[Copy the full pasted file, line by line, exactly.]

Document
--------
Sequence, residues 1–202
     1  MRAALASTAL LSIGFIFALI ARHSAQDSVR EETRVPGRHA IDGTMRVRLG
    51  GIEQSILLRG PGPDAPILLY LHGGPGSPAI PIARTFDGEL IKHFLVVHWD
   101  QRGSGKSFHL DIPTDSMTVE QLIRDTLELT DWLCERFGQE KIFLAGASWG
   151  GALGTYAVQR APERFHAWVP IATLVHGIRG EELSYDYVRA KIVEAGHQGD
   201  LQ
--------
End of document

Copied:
Sequence, residues 1–202
     1  MRAALASTAL LSIGFIFALI ARHSAQDSVR EETRVPGRHA IDGTMRVRLG
    51  GIEQSILLRG PGPDAPILLY LHGGPGSPAI PIARTFDGEL IKHFLVVHWD
   101  QRGSGKSFHL DIPTDSMTVE QLIRDTLELT DWLCERFGQE KIFLAGASWG
   151  GALGTYAVQR APERFHAWVP IATLVHGIRG EELSYDYVRA KIVEAGHQGD
   201  LQ